Scooter and e-bike riders face a nearly impossible legal bar after crashes. A bill could change that
Before 2016, if you were a pedestrian or bicyclist who was hit by the driver of a car in DC, if even 1% of the incident was your fault you couldn’t collect a cent in damages. The legal standard required what DC Councilmember Charles Allen (Ward 6) calls a “perfect plaintiff.”
DC Council legislation in 2016 changed that by removing what is called a “contributory negligence standard” for crashes involving non-motorized road users like bicyclists, pedestrians, and people riding non-electric scooters. The idea behind the bill is that these road users are far more likely than drivers to be injured in a crash.
But if your bike or scooter has an electric motor, well, tough luck. The contributory negligence standard still applies.
A new amendment under consideration seeks to remedy that. The amendment expands that 2016 bill to include other vulnerable road users like those riding electric scooters or e-bikes. Like pedestrians and non-motorized bicyclists, those riders would be able to collect damages if their negligence were deemed less than half of the cause of the crash.
The amendment was passed unanimously in a first reading on Tuesday, and will likely move on to a second reading and vote December 1.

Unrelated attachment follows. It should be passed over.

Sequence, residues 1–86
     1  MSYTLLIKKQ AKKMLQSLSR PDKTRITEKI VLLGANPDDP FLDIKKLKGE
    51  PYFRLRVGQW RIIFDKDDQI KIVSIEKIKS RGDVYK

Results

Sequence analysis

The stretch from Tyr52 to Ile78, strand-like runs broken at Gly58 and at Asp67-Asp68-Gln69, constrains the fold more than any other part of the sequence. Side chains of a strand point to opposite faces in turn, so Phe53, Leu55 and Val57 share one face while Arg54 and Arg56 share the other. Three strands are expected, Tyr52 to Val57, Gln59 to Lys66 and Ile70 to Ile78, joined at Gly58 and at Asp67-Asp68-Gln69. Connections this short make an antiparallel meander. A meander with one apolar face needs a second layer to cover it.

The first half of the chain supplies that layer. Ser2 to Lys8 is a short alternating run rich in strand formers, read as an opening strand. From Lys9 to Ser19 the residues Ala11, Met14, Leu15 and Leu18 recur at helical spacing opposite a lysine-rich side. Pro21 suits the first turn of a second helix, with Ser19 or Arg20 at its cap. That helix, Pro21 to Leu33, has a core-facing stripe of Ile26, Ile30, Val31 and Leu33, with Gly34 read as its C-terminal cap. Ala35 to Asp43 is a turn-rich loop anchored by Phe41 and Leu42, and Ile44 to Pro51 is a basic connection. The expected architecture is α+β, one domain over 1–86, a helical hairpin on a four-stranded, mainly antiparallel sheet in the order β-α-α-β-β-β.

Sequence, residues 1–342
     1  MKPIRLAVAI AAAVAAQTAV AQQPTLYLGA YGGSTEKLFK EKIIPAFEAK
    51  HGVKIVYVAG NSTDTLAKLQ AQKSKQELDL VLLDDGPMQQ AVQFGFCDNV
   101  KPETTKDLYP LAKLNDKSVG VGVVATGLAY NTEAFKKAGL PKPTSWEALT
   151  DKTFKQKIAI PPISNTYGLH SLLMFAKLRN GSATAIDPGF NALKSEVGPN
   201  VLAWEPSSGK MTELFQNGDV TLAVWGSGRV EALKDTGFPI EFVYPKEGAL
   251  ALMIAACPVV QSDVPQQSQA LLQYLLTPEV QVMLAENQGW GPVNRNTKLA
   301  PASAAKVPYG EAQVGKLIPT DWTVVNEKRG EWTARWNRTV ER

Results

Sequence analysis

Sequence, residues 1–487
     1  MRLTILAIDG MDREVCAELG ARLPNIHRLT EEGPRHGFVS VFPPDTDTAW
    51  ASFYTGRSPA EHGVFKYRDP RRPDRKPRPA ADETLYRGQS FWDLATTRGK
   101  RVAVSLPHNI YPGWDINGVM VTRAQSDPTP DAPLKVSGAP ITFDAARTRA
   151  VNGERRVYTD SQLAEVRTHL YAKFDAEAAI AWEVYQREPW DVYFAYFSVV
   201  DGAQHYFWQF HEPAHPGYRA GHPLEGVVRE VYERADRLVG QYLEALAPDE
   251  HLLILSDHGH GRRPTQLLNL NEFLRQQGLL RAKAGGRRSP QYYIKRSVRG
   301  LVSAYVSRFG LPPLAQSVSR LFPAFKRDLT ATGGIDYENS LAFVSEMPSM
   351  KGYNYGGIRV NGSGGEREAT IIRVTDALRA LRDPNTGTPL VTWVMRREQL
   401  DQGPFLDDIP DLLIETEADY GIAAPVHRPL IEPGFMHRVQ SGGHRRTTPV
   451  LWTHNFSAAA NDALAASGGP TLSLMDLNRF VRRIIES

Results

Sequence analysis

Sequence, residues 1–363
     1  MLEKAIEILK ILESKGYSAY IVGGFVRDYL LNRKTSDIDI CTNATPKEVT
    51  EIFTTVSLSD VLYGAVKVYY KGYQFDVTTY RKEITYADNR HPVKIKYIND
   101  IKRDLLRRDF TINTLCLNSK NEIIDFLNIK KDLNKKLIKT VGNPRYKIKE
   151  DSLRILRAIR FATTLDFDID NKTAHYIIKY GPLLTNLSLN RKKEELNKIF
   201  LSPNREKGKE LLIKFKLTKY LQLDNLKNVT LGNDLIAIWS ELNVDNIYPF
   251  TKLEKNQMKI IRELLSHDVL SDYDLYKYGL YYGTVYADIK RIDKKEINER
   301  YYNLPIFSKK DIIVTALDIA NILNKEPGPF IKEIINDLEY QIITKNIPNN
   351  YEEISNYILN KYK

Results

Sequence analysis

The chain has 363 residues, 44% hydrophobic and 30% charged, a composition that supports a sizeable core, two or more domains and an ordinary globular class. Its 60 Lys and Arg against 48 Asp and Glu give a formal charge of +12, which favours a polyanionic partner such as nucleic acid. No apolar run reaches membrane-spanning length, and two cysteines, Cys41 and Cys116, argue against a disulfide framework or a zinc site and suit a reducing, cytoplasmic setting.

Under the version of the bill that came out of the Committee on the Judiciary and Public Safety, the less stringent legal standard will apply if the plaintiff is a “vulnerable user” of a public road or sidewalk and involved in a crash with a motor vehicle or another vulnerable user.
The change includes in its list of vulnerable users riders of devices such as ATVs, bicycles, dirt bikes, electric mobility devices, motorcycles, e-bikes, non-motorized scooters, and Segways.
The bill also expands the less strict negligence standard to sidewalks — currently, it only applies on streets.
In a 2019 public hearing, when a version of the bill was first introduced, resident Navya Crick testified that riding scooters and bicycles on DC streets can be a frightening experience.
“It seems ridiculous to me to hold cyclists responsible for injury or death when they are hit by vehicles,” Crick said in the June 2019 testimony. “Even if the cyclist makes a mistake and did not see the oncoming car when they darted across an intersection, the driver of the vehicle should be alert and forgiving.”
Between 2017 and 2019, 114 people were injured and one person died in crashes involving electric scooters, according to District Department of Transportation data. More than 1,600 people were injured in bicycle-involved crashes and six died during that same time period (the data does not differentiate between e-bikes and non-motorized bicycles).
“The point that most people seem to miss,” Crick said, “is that when cyclists make a mistake, they are injured or die but when drivers make a mistake, they kill or hurt others.”